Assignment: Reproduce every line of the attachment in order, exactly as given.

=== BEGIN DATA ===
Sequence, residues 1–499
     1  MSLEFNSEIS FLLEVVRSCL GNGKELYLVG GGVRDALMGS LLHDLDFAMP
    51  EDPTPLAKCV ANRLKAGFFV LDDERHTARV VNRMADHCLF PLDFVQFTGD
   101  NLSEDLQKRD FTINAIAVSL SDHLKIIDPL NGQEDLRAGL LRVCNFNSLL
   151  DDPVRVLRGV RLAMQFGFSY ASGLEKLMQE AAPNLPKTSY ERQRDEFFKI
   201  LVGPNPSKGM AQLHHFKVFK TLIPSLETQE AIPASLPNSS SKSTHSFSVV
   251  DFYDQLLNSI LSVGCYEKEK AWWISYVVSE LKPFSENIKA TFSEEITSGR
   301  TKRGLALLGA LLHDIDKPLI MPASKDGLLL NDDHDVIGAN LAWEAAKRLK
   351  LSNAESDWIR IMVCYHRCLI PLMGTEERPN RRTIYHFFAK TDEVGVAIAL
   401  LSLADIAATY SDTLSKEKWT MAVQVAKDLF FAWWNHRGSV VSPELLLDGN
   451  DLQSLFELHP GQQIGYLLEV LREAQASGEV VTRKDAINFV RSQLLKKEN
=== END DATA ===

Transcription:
Sequence, residues 1–499
     1  MSLEFNSEIS FLLEVVRSCL GNGKELYLVG GGVRDALMGS LLHDLDFAMP
    51  EDPTPLAKCV ANRLKAGFFV LDDERHTARV VNRMADHCLF PLDFVQFTGD
   101  NLSEDLQKRD FTINAIAVSL SDHLKIIDPL NGQEDLRAGL LRVCNFNSLL
   151  DDPVRVLRGV RLAMQFGFSY ASGLEKLMQE AAPNLPKTSY ERQRDEFFKI
   201  LVGPNPSKGM AQLHHFKVFK TLIPSLETQE AIPASLPNSS SKSTHSFSVV
   251  DFYDQLLNSI LSVGCYEKEK AWWISYVVSE LKPFSENIKA TFSEEITSGR
   301  TKRGLALLGA LLHDIDKPLI MPASKDGLLL NDDHDVIGAN LAWEAAKRLK
   351  LSNAESDWIR IMVCYHRCLI PLMGTEERPN RRTIYHFFAK TDEVGVAIAL
   401  LSLADIAATY SDTLSKEKWT MAVQVAKDLF FAWWNHRGSV VSPELLLDGN
   451  DLQSLFELHP GQQIGYLLEV LREAQASGEV VTRKDAINFV RSQLLKKEN